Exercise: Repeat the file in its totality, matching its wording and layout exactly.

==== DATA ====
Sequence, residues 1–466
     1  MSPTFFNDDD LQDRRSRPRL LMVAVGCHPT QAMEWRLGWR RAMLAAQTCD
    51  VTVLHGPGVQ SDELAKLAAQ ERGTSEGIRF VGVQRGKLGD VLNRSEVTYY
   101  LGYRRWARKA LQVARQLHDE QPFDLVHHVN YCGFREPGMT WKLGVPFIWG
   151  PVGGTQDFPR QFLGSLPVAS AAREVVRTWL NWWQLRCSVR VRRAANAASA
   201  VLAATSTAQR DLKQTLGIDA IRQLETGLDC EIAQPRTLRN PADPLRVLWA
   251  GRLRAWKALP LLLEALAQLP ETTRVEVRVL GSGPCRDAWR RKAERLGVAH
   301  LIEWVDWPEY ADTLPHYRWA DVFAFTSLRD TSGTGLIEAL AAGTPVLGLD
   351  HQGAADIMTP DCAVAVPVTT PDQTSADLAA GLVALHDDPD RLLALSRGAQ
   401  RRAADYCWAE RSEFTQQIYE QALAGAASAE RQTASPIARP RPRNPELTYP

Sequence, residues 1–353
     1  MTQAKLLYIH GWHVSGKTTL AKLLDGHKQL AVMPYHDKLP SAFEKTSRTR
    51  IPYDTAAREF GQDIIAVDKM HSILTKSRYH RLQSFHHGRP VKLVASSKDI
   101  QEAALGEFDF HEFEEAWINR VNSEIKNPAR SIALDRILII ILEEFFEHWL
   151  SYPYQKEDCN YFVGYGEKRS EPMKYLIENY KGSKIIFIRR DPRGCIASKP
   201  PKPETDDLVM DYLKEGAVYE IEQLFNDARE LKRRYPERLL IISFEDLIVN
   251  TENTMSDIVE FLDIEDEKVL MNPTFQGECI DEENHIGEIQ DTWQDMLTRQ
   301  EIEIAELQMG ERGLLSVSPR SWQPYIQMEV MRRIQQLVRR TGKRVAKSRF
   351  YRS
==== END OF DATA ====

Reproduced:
Sequence, residues 1–466
     1  MSPTFFNDDD LQDRRSRPRL LMVAVGCHPT QAMEWRLGWR RAMLAAQTCD
    51  VTVLHGPGVQ SDELAKLAAQ ERGTSEGIRF VGVQRGKLGD VLNRSEVTYY
   101  LGYRRWARKA LQVARQLHDE QPFDLVHHVN YCGFREPGMT WKLGVPFIWG
   151  PVGGTQDFPR QFLGSLPVAS AAREVVRTWL NWWQLRCSVR VRRAANAASA
   201  VLAATSTAQR DLKQTLGIDA IRQLETGLDC EIAQPRTLRN PADPLRVLWA
   251  GRLRAWKALP LLLEALAQLP ETTRVEVRVL GSGPCRDAWR RKAERLGVAH
   301  LIEWVDWPEY ADTLPHYRWA DVFAFTSLRD TSGTGLIEAL AAGTPVLGLD
   351  HQGAADIMTP DCAVAVPVTT PDQTSADLAA GLVALHDDPD RLLALSRGAQ
   401  RRAADYCWAE RSEFTQQIYE QALAGAASAE RQTASPIARP RPRNPELTYP

Sequence, residues 1–353
     1  MTQAKLLYIH GWHVSGKTTL AKLLDGHKQL AVMPYHDKLP SAFEKTSRTR
    51  IPYDTAAREF GQDIIAVDKM HSILTKSRYH RLQSFHHGRP VKLVASSKDI
   101  QEAALGEFDF HEFEEAWINR VNSEIKNPAR SIALDRILII ILEEFFEHWL
   151  SYPYQKEDCN YFVGYGEKRS EPMKYLIENY KGSKIIFIRR DPRGCIASKP
   201  PKPETDDLVM DYLKEGAVYE IEQLFNDARE LKRRYPERLL IISFEDLIVN
   251  TENTMSDIVE FLDIEDEKVL MNPTFQGECI DEENHIGEIQ DTWQDMLTRQ
   301  EIEIAELQMG ERGLLSVSPR SWQPYIQMEV MRRIQQLVRR TGKRVAKSRF
   351  YRS